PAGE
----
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Friday, March 23, 2012

Richard Rider calls Prop 29 a new high speed rail

California’s high-speed rail is a massive spending boondoggle from the 2008 ballot. Its cost nearly doubled to about $100 billion while not a single mile of track has yet been laid? Well, if you liked high-speed rail, you’ll love Proposition 29, coming to the California ballot this June. High speed rail, said Richard Rider, Chairman of the San Diego Tax Fighters, at a recent appearance on San Diego’s NBC affiliate, “promised in writing that it was going to operate under certain restrictions and now does not.”
That’s because special interests, with no accountability to voters or to taxpayers, hijacked the process doling out favors to political cronies and driving up the cost. It’s a reminder, Rider explained that “the idea that we should be budgeting money at the ballot box has not worked well for us.” Like high-speed rail, Prop 29 creates an unaccountable commission packed with political appointees. The decisions this commission makes over the nearly $1 billion in annual new taxes it will administer are untouchable for 15 years, not even in cases of waste, fraud or abuse. That means that even though California schools are laying off teachers, this special interest spending commission can dole out favors as it pleases, with no strict controls over spending. The fact is Prop 29 does nothing to fix California’s $10+ billion budget deficit but does everything to make sure that the reckless spending that got California into the fiscal mess it’s in will continue unabated. Californians have a choice this June. Hopefully they’ll come to realize that decades of unsustainable spending on questionable projects put California in the sorry state it is today. Prop 29 is just more of the same for California—something the state just can’t afford.
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Botched Paramilitary Police Raids: An Epidemic of "Isolated Incidents"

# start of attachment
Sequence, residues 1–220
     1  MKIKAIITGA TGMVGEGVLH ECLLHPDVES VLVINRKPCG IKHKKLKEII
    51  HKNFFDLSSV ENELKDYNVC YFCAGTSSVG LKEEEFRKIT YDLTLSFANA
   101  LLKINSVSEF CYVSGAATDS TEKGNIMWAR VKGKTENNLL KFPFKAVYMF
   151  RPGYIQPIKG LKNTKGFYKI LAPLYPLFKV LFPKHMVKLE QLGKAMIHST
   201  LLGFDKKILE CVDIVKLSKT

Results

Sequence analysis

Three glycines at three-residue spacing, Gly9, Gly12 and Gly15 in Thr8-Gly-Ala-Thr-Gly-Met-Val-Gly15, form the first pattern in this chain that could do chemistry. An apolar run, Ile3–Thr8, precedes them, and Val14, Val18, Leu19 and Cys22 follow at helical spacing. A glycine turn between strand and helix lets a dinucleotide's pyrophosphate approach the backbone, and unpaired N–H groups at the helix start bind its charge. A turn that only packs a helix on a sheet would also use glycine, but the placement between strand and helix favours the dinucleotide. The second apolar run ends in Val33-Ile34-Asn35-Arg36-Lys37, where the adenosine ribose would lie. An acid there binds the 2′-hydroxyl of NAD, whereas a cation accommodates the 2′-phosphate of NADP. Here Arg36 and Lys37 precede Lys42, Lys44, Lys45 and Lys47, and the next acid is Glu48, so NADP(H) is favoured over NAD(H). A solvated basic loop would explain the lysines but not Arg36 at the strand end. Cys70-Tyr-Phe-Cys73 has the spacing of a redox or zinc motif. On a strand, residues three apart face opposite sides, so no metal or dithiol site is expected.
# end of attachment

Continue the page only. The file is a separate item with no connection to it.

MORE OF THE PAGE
"If a widespread pattern of [knock-and-announce] violations were shown . . . there would be reason for grave concern." —Supreme Court Justice Anthony Kennedy, in Hudson v. Michigan, June 15, 2006. An interactive map of botched SWAT and paramilitary police raids, released in conjunction with the Cato policy paper "Overkill: The Rise of Paramilitary Police Raids," by Radley Balko. What does this map mean? How to use this map View Original Map and Database

Key

Death of an innocent. Death or injury of a police officer. Death of a nonviolent offender.
Raid on an innocent suspect. Other examples of paramilitary police excess. Unnecessary raids on doctors and sick people.
The proliferation of SWAT teams, police militarization, and the Drug War have given rise to a dramatic increase in the number of "no-knock" or "quick-knock" raids on suspected drug offenders. Because these raids are often conducted based on tips from notoriously unreliable confidential informants, police sometimes conduct SWAT-style raids on the wrong home, or on the homes of nonviolent, misdemeanor drug users. Such highly-volatile, overly confrontational tactics are bad enough when no one is hurt -- it's difficult to imagine the terror an innocent suspect or family faces when a SWAT team mistakenly breaks down their door in the middle of the night. But even more disturbing are the number of times such "wrong door" raids unnecessarily lead to the injury or death of suspects, bystanders, and police officers. Defenders of SWAT teams and paramilitary tactics say such incidents are isolated and rare. The map above aims to refute that notion.

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